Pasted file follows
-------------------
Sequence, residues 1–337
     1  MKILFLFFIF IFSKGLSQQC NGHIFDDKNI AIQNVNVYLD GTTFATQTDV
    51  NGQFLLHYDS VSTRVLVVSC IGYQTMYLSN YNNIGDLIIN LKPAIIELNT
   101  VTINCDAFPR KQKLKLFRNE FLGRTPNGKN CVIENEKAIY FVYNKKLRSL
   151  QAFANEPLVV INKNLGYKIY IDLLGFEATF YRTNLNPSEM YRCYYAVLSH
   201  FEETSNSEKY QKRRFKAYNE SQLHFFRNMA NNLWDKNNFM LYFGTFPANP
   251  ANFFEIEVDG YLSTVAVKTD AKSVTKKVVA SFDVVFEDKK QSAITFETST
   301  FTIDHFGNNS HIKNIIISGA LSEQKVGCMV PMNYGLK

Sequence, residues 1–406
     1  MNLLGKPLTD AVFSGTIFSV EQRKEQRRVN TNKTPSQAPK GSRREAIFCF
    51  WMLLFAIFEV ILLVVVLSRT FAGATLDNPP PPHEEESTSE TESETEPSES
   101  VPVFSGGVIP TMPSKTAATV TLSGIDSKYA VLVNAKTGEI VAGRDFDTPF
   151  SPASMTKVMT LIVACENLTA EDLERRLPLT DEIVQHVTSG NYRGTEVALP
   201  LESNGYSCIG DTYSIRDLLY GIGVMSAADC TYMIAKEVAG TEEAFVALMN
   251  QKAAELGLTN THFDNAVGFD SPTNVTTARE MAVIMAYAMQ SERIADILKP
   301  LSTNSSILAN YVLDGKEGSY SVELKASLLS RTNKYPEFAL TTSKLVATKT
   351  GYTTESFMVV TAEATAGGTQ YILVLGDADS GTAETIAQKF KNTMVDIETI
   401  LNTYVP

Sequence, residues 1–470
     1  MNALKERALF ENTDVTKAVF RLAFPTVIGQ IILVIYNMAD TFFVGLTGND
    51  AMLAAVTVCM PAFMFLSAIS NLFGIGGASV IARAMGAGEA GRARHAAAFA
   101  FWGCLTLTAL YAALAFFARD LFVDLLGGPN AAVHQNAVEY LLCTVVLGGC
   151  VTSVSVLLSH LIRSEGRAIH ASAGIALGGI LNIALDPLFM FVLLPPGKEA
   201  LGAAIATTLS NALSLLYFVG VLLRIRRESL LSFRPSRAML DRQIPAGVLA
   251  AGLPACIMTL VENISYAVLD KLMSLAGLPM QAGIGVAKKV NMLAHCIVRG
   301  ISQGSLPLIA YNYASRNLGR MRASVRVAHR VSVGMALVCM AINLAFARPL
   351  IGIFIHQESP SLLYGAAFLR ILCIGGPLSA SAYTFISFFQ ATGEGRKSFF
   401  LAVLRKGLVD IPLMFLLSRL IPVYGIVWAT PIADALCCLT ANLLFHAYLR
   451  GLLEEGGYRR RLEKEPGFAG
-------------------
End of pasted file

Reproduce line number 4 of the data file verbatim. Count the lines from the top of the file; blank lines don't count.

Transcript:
   101  VTINCDAFPR KQKLKLFRNE FLGRTPNGKN CVIENEKAIY FVYNKKLRSL